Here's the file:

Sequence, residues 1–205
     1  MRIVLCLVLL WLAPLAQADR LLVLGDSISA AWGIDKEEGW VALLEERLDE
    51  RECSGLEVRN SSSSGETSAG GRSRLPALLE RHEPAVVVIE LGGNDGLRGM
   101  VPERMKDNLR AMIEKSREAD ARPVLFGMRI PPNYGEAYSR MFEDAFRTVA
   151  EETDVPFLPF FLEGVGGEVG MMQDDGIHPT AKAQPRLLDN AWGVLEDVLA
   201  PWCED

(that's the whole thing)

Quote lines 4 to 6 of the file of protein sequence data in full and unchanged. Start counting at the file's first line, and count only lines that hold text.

   101  VPERMKDNLR AMIEKSREAD ARPVLFGMRI PPNYGEAYSR MFEDAFRTVA
   151  EETDVPFLPF FLEGVGGEVG MMQDDGIHPT AKAQPRLLDN AWGVLEDVLA
   201  PWCED